I have been sick for 3 weeks. Yes, 3 very long, crummy weeks. The only positive is I bought myself a new pair of fleecy pajamas that have become my daily go-to and the Christmas slippers I thought wouldn’t get enough use are officially broken in and the best gift ever (thanks, Mom). I actually became that person standing in line at my grocery store pharmacy in pajamas and slippers, thinking, “it’s a good thing this doesn’t really look like pajamas and slippers!” It’s come to this folks. After going through the routine of zinc, antibiotics, breathing treatments, DayQuil, gagging on saline washes, NyQuil, more antibiotics (that didn’t work), and disgusting vicks vapor rub, my hypochondriac self has come to the conclusion that I either have the plague or a virus from hell. When I think logically and avoid Google searches, I probably do NOT indeed have the plague, so that leaves me suffering from my all-time arch-nemesis: the evil viral infection.

I have a confession to make.

As a nurse practitioner, I hate viruses as much as you do.

You know the kind of disdain towards viruses I’m talking about. That feeling that keeps you from going to your doctor’s office for days because “they’re just going to tell me I have a virus” and worse yet “there’s nothing they can do about it.” So instead, you stay at home miserably blowing your nose and praying for mercy. I know exactly what you’re feeling.

In fact, if we get really honest, I don’t like diagnosing viruses any more than you like having one. There is a small part of me that actually gets excited when I get a kid with a positive strep throat or an obvious ear infection, because I love snapping my fingers and fixing bacterial illness with antibiotics. I consider Alexander Fleming, the man who discovered the first antibiotic (penicillin) to be a hero. Antibiotics are essential in my toolkit to fix bacterial infections. When it comes down to it, I consider myself to be a type of engineer. I don’t build bridges and I can’t fix household broken items to save my life (thank you, husband!), but I do try my absolute hardest to fix little human bodies… But when it comes down to it, viral infections are far more common that bacterial infections, and at one point or another, we all unfortunately have to “wait out” our viral infection and do the best we can with supportive care.

However, not everyone takes to this news kindly. I have literally had parents storm out of my office shouting, “this was a complete waste of my time!” after I diagnosed their child with a common virus. So when your medical provider diagnoses your child or you with a virus, here’s what we would really like you to remember:

  1. We don’t like viruses any more than you do. Nobody does. I much prefer to magically fix things and make illness go away immediately, but it doesn’t usually work that way. For you trekkies out there, I’m still waiting to get my medical tricorder and scan health back into children, but it hasn’t happened yet.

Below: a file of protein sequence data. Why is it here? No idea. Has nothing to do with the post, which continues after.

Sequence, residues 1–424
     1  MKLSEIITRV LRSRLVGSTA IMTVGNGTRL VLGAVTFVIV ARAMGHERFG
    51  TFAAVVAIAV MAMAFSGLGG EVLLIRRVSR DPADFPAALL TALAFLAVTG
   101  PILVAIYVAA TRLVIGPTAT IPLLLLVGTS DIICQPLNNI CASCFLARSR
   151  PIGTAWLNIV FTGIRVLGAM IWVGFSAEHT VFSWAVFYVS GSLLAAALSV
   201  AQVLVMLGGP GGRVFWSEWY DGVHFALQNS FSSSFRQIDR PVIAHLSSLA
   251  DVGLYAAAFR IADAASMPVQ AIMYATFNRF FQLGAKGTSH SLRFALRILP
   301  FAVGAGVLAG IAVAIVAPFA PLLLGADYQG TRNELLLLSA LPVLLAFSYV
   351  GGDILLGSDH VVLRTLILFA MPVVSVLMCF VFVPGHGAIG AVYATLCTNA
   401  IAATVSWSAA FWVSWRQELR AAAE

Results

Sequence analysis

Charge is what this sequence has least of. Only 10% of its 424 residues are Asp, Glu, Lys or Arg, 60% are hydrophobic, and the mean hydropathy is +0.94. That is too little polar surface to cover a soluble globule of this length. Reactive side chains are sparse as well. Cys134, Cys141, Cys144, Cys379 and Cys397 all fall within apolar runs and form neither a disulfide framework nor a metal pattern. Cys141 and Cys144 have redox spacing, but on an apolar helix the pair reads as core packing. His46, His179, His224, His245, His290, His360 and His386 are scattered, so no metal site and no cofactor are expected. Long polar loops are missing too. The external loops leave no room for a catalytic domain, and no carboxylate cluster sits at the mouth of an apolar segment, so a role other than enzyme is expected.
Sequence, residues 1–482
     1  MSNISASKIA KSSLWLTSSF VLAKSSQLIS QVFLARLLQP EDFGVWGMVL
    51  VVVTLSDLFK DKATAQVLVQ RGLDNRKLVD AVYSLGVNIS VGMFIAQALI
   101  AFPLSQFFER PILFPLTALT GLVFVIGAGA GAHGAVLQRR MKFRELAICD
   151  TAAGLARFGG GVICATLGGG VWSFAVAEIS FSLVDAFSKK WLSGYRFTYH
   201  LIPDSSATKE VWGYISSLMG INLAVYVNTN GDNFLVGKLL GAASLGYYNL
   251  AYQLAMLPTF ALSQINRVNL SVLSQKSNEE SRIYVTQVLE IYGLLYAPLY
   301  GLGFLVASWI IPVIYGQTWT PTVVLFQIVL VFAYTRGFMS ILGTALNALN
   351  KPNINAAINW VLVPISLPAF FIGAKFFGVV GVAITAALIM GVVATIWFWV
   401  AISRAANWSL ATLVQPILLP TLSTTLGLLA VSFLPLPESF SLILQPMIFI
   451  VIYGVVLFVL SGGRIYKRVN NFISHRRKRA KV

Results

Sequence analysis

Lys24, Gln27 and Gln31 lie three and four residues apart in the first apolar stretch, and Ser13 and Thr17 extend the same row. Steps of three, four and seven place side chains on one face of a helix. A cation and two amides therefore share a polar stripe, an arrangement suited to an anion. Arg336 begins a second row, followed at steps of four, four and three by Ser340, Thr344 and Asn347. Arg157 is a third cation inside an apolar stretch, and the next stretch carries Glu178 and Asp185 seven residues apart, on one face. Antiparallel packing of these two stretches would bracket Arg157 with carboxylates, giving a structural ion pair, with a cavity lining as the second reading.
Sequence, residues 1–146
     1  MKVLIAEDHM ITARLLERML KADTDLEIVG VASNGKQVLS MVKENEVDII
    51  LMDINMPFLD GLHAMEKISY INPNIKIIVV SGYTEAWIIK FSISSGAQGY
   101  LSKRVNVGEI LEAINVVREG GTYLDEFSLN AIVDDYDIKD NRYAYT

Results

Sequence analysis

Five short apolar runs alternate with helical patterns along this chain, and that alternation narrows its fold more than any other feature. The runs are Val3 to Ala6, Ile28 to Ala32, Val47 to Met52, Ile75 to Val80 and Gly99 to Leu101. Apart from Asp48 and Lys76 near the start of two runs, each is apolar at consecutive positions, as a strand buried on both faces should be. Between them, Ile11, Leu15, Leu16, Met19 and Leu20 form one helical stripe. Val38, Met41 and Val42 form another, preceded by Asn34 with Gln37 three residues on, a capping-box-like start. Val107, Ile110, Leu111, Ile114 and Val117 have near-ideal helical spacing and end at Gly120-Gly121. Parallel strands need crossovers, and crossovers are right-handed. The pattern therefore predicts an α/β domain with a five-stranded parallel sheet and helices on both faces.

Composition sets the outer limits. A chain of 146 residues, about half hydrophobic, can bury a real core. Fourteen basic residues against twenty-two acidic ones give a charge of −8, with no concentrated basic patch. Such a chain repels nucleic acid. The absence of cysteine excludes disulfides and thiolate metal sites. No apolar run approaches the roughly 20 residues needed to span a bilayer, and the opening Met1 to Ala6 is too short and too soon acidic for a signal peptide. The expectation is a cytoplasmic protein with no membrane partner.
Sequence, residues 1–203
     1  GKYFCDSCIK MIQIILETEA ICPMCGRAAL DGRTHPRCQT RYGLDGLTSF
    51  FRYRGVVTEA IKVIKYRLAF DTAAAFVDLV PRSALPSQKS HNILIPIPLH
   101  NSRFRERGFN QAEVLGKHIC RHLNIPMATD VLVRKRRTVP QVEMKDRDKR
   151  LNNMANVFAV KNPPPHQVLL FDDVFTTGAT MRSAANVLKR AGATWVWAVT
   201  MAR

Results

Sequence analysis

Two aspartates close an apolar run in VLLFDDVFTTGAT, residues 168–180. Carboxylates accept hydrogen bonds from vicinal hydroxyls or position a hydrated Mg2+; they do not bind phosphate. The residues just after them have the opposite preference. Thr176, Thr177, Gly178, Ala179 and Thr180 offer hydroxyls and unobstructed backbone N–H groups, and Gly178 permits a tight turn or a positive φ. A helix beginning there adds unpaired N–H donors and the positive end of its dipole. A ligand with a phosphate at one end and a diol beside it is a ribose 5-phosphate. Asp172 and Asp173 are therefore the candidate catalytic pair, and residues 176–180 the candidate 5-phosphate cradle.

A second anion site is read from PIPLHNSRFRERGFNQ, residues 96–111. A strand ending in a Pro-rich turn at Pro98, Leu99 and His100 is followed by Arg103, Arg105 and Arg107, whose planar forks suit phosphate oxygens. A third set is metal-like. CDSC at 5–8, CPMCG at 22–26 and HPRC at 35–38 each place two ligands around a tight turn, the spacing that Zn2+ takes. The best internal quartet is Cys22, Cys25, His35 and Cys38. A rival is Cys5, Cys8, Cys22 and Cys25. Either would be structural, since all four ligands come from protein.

2. We have suffered through more viruses than you. Trust me, being in an environment caring for sick children all the time, it’s impossible not to be regularly sick. My medical comrades and I are sick ALL THE TIME. Which means…
  3. We do have empathy! We are not being calloused and heartless when we diagnose common viral infections and don’t immediately hand over antibiotics. We are trying to do what’s best for your child and you. Because we know that…
  4. Antibiotic resistance is becoming one of the world’s most pressing public health problems. The CDC reports that each year in the United States, at least 2 million people become infected with bacteria that are resistant to antibiotics and at least 23,000 people die each year as a direct result of these infections. Can you imagine living in a world where we just have to “wait out” serious bacterial infections like we do with common viruses? I can’t. If we are not good stewards of antibiotics by only using them when necessary, this will become our reality. We can’t always give you antibiotics, but we can give you…
  5. Vaccines! If people wanted vaccines as much as they wanted antibiotics, it would make my heart really happy. Instead of your child getting a serious disease, how about skipping it all together? That’s the glory of vaccines. My vaccinated patients won’t have to “wait out” serious, sometimes deadly viral diseases like measles, mumps, rubella, rotavirus, polio, hepatitis A and B, influenza, varicella, and HPV. We even have vaccines with the capability of preventing serious, often deadly bacterial infections like pertussis, pneumococcal infections, Haemophilus Influenzae Type b infections, and bacterial meningitis.  In a monopolized world, that’s like moving directly to go and collecting $200. Make sure your children are up to date on their vaccines.
  6. One last note, we really don’t expect you to be able to tell the difference between a viral infection and a bacterial infection. That’s what we are here for! Your medical provider went through years of training to have that knowledge. If you or your child is sick, it’s always better to go see your medical provider. Knowledge is power and we are truly here to help.

So that’s the viral truth. If you need me, I’ll be in my pajamas and slippers waiting for this yucky virus to go away.

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